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Early disconnect with mom may speed onset of puberty in girls

September 01, 2010

A girl's march toward early puberty may begin in the arms of her first caregiver, a new study suggests.

Against the backdrop of growing evidence that American girls are beginning pubertal changes at an ever-earlier age, a controversial researcher has found evidence that babies who fail to make a powerful early connection to their first caregiver are more likely to enter puberty early.

In a study published this week in Psychological Science, an international team of psychologists set out to explore how circumstances of early childhood, in combination with evolutionary pressures, may help explain findings that many girls in the United States are beginning  the process of sexual maturation as young as 7 years old. They surmised that when parent-and-child bonds are not firmly forged in infancy -- a phenomenon called "insecure attachment" -- evolutionary pressures could push a girl to mature early, readying her for an earlier departure from the nest.

Both early puberty and poor infant attachment raise concerns. Girls who reach puberty earlier are at higher risk of certain cancers, including breast cancer, and are likely to engage in sexual activity earlier, bringing a higher risk of sexually transmitted disease and early pregnancy. Poorer attachment to a caregiver in infancy is thought to predict a higher risk of anxiety, depression and other psychological problems later in life.

The researchers note that other factors are implicated in the trend of earlier onset of puberty in girls, including better nutrition, higher rates of obesity and possible environmental exposures. They suggest that infant bonding may be one -- heretofore unrecognized -- influence among many.

The study also breaks down barriers between two very different realms of psychology--attachment theory and evolutionary psychology.

Psychologist Jay Belsky of Birbeck University London, along with researchers from Duke University and the University of Reading in the United Kingdom, tapped into a national trove of health and behavioral data collected on a large group of American-born babies from birth on. At 15 months, the researchers assessed the relationship between 373 baby girls participating in the federally-funded "Study of Early Child Care and Youth Development" and their mothers. Separating the babies from their mothers, and then reuniting them, allowed the researchers to gauge whether the babies were "securely attached" or emotionally distant from their mothers. (A securely attached baby typically greeted her mother's return by smiling, vocalizing and reaching toward her parent; babies who looked away, fail to acknowledge or both advanced to and retreated from their mother upon her return were rated "insecurely attached.")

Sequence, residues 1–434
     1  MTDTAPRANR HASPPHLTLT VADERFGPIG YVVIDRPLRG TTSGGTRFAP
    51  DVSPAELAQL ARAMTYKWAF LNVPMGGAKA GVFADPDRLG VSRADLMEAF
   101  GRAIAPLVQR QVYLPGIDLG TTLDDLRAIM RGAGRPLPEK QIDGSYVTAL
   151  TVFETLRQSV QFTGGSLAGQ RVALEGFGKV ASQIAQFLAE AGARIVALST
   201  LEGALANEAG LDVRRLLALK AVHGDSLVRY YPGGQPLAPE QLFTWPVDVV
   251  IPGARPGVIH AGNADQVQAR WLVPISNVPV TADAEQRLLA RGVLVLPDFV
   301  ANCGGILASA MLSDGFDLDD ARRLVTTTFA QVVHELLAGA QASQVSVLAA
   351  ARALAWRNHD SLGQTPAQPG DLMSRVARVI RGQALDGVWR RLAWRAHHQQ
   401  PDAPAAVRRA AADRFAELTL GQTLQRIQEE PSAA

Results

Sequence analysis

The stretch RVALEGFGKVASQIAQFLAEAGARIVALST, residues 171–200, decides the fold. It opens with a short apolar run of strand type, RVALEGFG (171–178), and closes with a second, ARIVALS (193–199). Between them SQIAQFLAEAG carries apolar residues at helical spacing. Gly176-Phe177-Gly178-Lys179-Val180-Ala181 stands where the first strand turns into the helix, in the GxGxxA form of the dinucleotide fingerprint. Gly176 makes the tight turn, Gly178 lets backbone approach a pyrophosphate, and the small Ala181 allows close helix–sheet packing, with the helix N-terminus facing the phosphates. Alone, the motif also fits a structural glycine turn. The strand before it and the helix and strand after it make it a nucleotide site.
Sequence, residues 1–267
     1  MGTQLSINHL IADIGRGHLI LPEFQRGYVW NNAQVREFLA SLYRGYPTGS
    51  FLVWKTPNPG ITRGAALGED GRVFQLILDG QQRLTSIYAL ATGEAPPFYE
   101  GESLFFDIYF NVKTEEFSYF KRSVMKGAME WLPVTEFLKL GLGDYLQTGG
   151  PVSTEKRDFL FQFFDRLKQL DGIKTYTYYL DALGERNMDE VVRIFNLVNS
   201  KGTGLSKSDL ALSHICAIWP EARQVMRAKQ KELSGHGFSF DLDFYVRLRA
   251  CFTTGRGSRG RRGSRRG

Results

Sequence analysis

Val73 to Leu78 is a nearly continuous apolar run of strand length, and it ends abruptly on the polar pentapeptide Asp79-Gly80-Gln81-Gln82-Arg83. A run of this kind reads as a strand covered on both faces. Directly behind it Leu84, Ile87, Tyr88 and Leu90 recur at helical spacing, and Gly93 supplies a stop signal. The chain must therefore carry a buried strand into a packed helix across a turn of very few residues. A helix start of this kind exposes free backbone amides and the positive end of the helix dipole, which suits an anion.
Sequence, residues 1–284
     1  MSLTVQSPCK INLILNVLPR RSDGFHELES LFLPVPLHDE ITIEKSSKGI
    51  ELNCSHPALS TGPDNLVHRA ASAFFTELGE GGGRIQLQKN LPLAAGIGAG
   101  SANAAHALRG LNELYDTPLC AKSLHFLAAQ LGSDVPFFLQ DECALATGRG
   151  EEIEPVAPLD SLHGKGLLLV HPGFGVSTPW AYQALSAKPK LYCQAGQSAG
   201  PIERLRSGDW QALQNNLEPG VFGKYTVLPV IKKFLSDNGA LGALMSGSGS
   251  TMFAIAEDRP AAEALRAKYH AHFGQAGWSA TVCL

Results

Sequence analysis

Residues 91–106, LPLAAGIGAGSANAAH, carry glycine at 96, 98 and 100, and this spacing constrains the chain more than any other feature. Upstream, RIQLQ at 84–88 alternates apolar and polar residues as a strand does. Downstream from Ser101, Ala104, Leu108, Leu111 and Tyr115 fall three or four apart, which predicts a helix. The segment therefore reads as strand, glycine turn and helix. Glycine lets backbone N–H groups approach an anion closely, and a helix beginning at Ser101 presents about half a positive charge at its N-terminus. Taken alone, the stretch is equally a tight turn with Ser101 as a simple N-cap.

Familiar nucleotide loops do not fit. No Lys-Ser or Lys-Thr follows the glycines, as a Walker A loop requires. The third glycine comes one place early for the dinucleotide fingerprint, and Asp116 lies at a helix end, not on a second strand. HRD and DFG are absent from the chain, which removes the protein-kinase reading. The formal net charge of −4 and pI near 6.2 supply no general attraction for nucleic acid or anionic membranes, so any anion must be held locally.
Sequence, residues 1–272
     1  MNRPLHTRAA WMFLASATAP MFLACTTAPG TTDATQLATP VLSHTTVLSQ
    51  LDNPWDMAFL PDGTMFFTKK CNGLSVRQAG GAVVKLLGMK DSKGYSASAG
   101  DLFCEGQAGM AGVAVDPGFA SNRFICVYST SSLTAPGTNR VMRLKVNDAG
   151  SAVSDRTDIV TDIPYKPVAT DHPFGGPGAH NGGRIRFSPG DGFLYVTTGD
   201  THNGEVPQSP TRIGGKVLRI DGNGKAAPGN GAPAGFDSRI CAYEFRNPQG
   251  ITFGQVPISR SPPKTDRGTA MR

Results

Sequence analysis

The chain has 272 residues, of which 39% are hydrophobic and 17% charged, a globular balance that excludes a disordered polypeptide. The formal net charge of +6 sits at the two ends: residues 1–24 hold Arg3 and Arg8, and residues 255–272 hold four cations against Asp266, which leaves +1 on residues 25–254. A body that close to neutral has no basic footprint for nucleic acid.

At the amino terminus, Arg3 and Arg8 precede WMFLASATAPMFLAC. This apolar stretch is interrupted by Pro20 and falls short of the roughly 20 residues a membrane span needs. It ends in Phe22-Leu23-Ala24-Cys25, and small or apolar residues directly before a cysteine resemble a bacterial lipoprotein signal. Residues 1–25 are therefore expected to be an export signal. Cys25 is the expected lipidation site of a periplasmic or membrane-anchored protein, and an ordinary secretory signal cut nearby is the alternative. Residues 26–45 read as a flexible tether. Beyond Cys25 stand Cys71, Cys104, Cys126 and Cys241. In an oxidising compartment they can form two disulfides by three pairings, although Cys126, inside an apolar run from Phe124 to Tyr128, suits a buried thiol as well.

Regardless of when their mothers entered puberty -- a powerful inherited influence on a female's sexual maturation -- the researchers found that the more insecurely attached to her mother a baby girl was at 15 months, the earlier she would begin pubertal changes and the earlier she would mature sexually. Compared with baby girls who were deemed "securely attached" to their moms, those who demonstrated indifference or avoidance upon their mother's return were almost 2 1/2 times more likely to begin pubertal changes by 10 1/2 years old and to have pubic hair and breast development and to have begun menstruating by 13 1/2.

Belsky has spurred controversy with studies suggesting that long hours of childcare for infants and young children outside the home may weaken a child's attachment to his or her primary caregiver -- usually Mom -- and negatively affect the child's later behavior at school. The importance of an infant's attachment to Mom is not widely debated. But debates have long raged over what factors -- a child's temperament, the mother's employment outside the home, a depressed parent -- may contribute to the security of that bond.

"This apparent accelerating of attachment insecurity that we discerned ... necessitates a rethinking of the functional significance of the secure and insecure attachments that figure so prominently in the study of human development," the authors wrote.

In other words, according to the researchers, forging a powerful emotional bond with your baby girl may help to assure more than her emotional health. It might influence her physical health as well.

-- Melissa Healy / Los Angeles Times 

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